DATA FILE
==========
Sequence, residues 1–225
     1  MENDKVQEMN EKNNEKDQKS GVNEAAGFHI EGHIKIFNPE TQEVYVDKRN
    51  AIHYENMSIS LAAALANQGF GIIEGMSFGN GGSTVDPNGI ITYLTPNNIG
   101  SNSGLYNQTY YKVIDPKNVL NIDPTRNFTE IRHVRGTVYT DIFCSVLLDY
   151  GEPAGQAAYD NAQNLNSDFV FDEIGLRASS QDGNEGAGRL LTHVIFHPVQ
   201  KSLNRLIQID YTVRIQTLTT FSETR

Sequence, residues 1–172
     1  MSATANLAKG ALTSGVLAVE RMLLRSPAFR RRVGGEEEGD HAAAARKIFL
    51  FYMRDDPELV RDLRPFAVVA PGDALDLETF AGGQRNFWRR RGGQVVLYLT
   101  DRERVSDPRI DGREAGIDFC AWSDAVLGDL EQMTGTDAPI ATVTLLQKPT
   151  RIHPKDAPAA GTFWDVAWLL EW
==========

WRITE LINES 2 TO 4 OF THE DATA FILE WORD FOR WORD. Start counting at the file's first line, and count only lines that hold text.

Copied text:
     1  MENDKVQEMN EKNNEKDQKS GVNEAAGFHI EGHIKIFNPE TQEVYVDKRN
    51  AIHYENMSIS LAAALANQGF GIIEGMSFGN GGSTVDPNGI ITYLTPNNIG
   101  SNSGLYNQTY YKVIDPKNVL NIDPTRNFTE IRHVRGTVYT DIFCSVLLDY